Ten takeaways from the Autumn Budget - Lib Dems

The Liberal Democrats have revealed ten key takeaways from today's Autumn Budget, including a £65bn hit to tax receipts, a fall in wages and rise in borrowing.


Liberal Democrat MP Tom Brake commented:

"Instead of a bright future for Britain, Conservative plans will see a £65bn hit to tax receipts, slashed wages and higher borrowing.

"The Government found £3bn to spend on Brexit, but nothing for our police or social care.

"The Chancellor has completely failed to show the ambition needed to tackle the housing crisis, build the infrastructure the country needs or fix Universal Credit.

"This Budget was meant to save Philip Hammond's career, but it has fallen apart before the day is even over."

Here are ten key takeaways from the Autumn Budget:

1. £65bn hit to tax receipts: Tax receipts have been downgraded by £65.4 billion over the five-year period compare to previous forecasts from the March Budget. By 2021-22, annual public sector receipts will be £28bn less than previously forecast (OBR November 2017, link, p.13, compared with OBR March 2017, link, p.11).

2. Slashed wages: The OBR now expects wages to rise by just 2.3% next year, down from 2.7% previously. Pay increases now aren’t expected to hit 3% (the current inflation rate) until 2021, a whole year later (link, p.11).

3. Higher borrowing: Forecast public borrowing by 2021-22 has increased by £53 billion, from £134 billion to £187 billion (link, p.18).

4. Stamp duty: The OBR predicts the cut to stamp duty will increase house prices (link, p.53) and will only lead to an additional 3,500 first-time buyers (link, p.233).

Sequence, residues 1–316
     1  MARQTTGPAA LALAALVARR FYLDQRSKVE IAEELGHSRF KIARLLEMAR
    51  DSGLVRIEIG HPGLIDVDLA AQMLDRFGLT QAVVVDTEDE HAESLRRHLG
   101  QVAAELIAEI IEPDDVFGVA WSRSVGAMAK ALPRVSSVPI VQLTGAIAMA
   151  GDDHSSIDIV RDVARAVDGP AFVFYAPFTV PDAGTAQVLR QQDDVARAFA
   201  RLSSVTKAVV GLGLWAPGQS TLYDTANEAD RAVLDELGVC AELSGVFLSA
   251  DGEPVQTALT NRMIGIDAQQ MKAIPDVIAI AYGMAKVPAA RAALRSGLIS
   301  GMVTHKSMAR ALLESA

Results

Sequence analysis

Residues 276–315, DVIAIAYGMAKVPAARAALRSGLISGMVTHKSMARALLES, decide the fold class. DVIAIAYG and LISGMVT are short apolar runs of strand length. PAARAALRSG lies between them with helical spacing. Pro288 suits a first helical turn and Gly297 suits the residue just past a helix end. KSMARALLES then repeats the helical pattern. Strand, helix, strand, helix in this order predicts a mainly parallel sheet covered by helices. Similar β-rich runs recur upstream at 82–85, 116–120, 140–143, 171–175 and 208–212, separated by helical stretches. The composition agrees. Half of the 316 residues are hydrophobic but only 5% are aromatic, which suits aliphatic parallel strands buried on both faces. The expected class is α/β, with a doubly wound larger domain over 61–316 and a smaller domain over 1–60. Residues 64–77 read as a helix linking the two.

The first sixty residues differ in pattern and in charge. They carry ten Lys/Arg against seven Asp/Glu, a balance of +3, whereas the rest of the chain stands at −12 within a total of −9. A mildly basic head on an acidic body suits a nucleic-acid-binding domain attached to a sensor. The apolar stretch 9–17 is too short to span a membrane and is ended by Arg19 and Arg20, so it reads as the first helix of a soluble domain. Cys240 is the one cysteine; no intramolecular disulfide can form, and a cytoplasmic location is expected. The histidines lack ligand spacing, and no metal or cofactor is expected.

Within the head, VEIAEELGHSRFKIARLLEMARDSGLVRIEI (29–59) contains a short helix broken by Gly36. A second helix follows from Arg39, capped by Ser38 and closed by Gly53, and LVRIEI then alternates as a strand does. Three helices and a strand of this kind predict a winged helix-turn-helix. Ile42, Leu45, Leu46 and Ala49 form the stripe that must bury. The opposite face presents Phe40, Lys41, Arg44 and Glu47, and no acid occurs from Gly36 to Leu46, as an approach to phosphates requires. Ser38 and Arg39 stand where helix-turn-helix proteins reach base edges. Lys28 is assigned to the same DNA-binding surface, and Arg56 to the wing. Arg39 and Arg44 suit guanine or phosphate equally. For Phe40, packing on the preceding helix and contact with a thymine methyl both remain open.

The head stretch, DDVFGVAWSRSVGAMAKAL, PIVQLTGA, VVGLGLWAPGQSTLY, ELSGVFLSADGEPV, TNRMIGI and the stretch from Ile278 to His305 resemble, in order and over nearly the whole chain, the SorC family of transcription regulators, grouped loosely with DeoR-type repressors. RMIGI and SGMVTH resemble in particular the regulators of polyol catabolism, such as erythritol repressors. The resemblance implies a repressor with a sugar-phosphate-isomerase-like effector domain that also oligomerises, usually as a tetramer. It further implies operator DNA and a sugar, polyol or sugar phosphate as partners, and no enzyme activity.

5. Universal Credit: Additional funding for Universal Credit will not come into effect before January 2017, leaving many vulnerable families at risk of being plunged into poverty this Christmas.

6. Social Housing: Philip Hammond did not once mention the need to build more social housing or replace council houses sold off under Right to Buy. This is despite the latest figures showing that since April 2015, 28,011 council houses have been sold under Right to Buy only 8,113 replaced (link).

7. Delayed infrastructure funding: The biggest funding announcement today, the additional extra £7bn for the National Productivity Investment Fund, will only be provided in 2022-23 (link, p.28).

8. Police: No extra funding was provided for the police, despite a steep rise in violent crime and police forces facing a £413m real-terms cut in 2017/18 (link).

9. Social care: Social care was not mentioned once in Philip Hammond's speech, and no additional funding was provided. This is despite more than a million vulnerable older people are already missing out on vital support that they need (link).

10. Public Sector Pay: Teachers and police officers will be left £3,000 worse off by 2020 due to the Chancellor's refusal to lift the public sector pay freeze (link).

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